Sunday, November 28, 2010

Educational Planning Videos - MUST SEE and HILARIOUS

A lot of people have been using this Xtranormal video robotic like tool to create videos related to the educational insanity. We need a few about the UFT.

These videos of a meeting between a teacher and an Ed Deform inspired data munching principal are so right on. They were done by a NYC teacher. The best part? His principal was the one who sent them to me.

Here are the accompanying comments from the teacher:
I thought you might enjoy these two XTRANORMAL MOVIES I made. They are, in the interest of humor, exaggerations of the truth. Of course, there is a grain of truth in all good parody. I believe that there are more than a few schools where these little films would not be an exaggeration at all. My parody might even be understated compared to what goes on in some schools. I am fortunate that in my school we have not reached this stage of insanity, but we can feel the pressure to which our principal is always being subjected. We just hope that things change and we get some educators into the leadership before the pressure becomes irresistible. This may be funny now, but the stakes are high and if things continue as they are, it will no longer be funny.
Educational Planning, Week One

Educational Planning, Week Two



Anonymous said...

The only "differentiation" I'd ever do would be if I were to teach calculus lessons involving the finding of derivatives!

Al Catasus said...

To anonymous, the calculus teacher:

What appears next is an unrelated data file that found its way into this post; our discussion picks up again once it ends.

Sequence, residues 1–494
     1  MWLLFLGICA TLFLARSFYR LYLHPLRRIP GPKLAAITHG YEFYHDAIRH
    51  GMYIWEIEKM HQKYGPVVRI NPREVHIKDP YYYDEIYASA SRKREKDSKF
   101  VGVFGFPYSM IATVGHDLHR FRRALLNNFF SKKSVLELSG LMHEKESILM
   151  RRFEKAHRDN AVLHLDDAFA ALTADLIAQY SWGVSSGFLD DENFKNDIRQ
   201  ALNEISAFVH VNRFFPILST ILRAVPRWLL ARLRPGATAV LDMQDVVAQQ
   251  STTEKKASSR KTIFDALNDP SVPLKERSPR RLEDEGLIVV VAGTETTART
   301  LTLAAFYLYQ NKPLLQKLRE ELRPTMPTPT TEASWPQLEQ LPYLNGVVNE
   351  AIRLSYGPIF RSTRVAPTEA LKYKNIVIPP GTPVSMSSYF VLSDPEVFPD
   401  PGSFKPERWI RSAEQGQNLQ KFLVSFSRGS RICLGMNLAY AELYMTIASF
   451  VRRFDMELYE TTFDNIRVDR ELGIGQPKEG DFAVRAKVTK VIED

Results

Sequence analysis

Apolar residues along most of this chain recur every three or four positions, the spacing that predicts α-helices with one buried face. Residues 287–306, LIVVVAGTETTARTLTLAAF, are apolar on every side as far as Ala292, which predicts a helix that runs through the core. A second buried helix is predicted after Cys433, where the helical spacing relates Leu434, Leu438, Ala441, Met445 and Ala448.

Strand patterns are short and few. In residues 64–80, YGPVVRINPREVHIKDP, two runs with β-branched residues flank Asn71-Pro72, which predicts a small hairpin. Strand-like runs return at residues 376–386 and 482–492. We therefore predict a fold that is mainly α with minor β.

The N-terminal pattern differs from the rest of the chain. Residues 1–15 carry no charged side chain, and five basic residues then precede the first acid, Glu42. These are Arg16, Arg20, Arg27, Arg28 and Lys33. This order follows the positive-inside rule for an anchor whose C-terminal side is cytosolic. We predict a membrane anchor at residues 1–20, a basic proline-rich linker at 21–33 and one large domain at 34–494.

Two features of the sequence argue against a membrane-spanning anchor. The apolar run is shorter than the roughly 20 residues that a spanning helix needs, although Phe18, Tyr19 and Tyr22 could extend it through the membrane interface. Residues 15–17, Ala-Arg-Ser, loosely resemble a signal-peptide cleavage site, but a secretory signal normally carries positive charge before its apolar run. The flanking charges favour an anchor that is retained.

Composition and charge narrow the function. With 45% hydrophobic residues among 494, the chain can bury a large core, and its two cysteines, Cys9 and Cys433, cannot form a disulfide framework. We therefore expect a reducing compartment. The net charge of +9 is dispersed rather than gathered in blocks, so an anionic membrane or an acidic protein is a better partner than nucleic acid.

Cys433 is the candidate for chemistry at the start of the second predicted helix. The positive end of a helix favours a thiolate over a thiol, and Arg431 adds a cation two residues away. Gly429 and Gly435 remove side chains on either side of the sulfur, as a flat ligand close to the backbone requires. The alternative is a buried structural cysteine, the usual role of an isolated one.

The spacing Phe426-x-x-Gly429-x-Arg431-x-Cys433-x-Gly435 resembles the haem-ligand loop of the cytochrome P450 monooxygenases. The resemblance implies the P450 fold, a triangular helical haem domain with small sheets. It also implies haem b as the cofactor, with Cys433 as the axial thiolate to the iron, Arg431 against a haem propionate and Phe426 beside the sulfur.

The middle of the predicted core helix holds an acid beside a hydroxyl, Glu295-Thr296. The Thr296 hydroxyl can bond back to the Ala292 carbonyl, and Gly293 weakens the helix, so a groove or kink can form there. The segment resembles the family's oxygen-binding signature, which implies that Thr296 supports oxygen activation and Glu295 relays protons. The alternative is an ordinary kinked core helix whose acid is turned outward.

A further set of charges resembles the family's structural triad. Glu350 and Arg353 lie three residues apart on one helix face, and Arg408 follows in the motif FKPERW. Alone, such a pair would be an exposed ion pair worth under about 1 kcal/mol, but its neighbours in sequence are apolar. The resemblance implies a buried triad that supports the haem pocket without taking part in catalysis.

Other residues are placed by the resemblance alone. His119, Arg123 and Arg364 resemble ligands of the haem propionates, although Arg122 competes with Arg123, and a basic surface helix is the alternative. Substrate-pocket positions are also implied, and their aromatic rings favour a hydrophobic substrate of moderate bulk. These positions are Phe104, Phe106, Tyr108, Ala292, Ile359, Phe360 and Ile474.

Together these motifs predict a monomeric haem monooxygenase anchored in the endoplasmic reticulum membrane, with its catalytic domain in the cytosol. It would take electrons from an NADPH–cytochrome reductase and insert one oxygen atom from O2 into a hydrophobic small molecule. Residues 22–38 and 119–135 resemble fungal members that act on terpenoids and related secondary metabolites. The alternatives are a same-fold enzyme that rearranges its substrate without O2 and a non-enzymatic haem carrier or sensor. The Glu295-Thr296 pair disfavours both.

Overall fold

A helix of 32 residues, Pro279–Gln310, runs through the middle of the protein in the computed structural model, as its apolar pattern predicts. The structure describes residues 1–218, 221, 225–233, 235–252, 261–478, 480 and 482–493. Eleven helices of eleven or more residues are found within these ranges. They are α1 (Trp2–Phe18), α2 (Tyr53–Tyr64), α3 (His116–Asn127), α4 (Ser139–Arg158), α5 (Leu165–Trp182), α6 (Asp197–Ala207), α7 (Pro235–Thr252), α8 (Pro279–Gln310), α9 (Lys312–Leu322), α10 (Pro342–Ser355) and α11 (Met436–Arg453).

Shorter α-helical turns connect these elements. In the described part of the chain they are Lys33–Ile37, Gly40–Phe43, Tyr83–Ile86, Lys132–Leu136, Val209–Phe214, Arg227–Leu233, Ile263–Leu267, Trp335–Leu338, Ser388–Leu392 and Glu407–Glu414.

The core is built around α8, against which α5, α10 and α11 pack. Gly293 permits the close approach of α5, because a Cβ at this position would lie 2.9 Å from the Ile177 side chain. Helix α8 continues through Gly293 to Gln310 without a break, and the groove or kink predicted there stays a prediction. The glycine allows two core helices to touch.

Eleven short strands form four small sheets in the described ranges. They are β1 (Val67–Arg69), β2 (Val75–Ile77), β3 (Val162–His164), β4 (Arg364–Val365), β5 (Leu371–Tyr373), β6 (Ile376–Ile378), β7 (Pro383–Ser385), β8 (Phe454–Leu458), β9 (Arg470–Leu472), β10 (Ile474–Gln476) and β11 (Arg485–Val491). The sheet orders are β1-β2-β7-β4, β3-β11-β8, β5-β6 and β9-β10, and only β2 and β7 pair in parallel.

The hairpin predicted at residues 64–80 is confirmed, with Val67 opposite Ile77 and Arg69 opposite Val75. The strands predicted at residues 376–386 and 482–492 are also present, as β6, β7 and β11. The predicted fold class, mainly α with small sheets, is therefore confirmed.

Don't get me wrong. In my video I criticize the obsession with differentiation, but it is not differentiation itself as a principle that I object to. It is differentiation as an item on a list that must be checked off regardless of need and appropriateness, and the confusion between differentiation of needs and of approaches. All students have the same need- to learn what is being taught, whether it is a skill, a concept or a way of thinking critically. This does not change. What requires differentiation is the strategies used to teach these to students with varying strengths and weaknesses and differing dominant modes of seeing and thinking. It is here that we differentiate as needed. I find that the need decreases if I use multiple approaches in each of my lessons.

We have been informed in our school, by no less a one than our quality reviewer, that differentiation means teaching different things to different students. An actual example used, believe it or not, in our school, a school for gifted students, was that the goal for some of our students should be, and I quote, "Student should have a pencil three out of five times."

In summary, I am not opposed to differentiation. I am opposed to stupid, meaningless, counterproductive and distracting differentiation as dogma.

Al Catasus
IS 187 K